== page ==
The Yoga Chromebook has a standard array of ports — that is, for Chromebooks in 2018. You get a single USB-A port, two USB-C ports, a 3.5mm headphone jack, and microSD slot. It’s a good mix of old and new, though the lack of a dedicated video output will bother some. If you don’t have a new USB-C monitor, you’ll be relying a lot on dongles.
We love the look of the Yoga Chromebook’s keyboard, and it’s just as good to use. Its snappy mechanisms feel similar to other Yoga laptops, many of which are considerably more expensive than this Chromebook. The layout is spacious, unlike the Acer Chromebook Spin 15, which has a lot of unused space on the keyboard deck. If you want backlighting, however, you’ll need to spring for the $1,000 4K model that’s yet to be launched. That’s a bit disappointing since the inexpensive Acer Chromebook Spin 15 includes that feature.
The same goes for the touchpad, which is larger than the Acer Chromebook Spin 15, closer to the size of the Pixel Slate’s. It’s not as wide as the MacBook Pro or Razer Blade, but it’s large enough to scroll and gesture without feeling cramped. Speaking of which, gestures like the three-finger swipe register without delay, which the Pixel Slate had problems with. Tracking is also smooth and precise thanks to the glass material. The touchscreen also feels quick and responsive, reacting quickly to pinch gestures and scrolling.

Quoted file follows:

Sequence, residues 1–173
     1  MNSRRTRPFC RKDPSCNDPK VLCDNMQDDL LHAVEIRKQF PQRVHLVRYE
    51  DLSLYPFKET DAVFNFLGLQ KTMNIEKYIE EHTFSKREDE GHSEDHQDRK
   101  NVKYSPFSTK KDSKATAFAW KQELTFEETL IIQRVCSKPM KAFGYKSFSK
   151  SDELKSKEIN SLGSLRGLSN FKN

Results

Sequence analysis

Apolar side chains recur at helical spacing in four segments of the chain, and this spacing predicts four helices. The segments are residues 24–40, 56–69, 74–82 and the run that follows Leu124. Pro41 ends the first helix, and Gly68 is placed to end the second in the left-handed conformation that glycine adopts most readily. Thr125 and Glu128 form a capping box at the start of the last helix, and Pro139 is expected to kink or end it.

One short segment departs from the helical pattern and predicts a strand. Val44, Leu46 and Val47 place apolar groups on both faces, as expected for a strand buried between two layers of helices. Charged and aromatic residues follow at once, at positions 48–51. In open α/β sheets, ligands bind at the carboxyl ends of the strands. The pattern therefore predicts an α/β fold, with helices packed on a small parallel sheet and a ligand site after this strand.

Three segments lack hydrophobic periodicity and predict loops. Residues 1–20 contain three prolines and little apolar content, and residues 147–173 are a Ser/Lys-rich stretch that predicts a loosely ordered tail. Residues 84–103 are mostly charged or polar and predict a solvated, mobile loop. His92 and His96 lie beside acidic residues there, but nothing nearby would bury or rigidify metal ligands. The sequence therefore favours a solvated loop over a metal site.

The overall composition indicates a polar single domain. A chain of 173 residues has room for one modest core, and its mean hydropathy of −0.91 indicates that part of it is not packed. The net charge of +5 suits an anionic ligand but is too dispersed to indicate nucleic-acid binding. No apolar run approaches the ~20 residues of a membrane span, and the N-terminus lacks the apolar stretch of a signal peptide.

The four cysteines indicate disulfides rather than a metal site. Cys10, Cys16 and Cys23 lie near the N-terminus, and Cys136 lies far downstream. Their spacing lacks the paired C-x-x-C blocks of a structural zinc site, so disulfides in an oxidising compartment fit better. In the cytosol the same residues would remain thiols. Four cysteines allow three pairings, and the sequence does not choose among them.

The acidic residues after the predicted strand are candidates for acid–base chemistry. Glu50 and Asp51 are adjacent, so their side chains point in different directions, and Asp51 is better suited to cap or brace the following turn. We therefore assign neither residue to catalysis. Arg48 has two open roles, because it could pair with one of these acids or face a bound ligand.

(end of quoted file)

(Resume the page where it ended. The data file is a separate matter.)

The click of the touchpad is a bit louder than we’d prefer, and we had a few issues with accidental clicks. It’s a common problem with affordable laptop touchpad, so we aren’t surprised to see it here.
Lenovo says the Yoga Chromebook was the first Chromebook with a 4K display. That’d be true if it came out today, but we’ve yet to see that model go up for sale. As of now, we’re stuck with a more modest 1,920 x 1,080 panel. Still, for the average person, this resolution is good enough. It’s also an IPS display, so viewing angles look good.
It’s not an overly bright screen, though it was bright enough to overpower the glare in our office. We kept the brightness level around 80 percent in most situations. Options like the Pixel Slate, Pixelbook, and HP Chromebook x2 are brighter.
Our colorimeter isn’t compatible with Chrome OS, but we did notice issues with our naked eye. We put on a couple different clips from Solo: A Star Wars Story and noticed the colors looked less vibrant than normal. To test further, we set the screen side by side with a MacBook Pro and Pixel Slate. The Lenovo Yoga Chromebook C630 isn’t awful, but colors that appeared bright on those devices looked muted on the Yoga by comparison. You’ll have to wait for the forthcoming 4K model for the better media machine.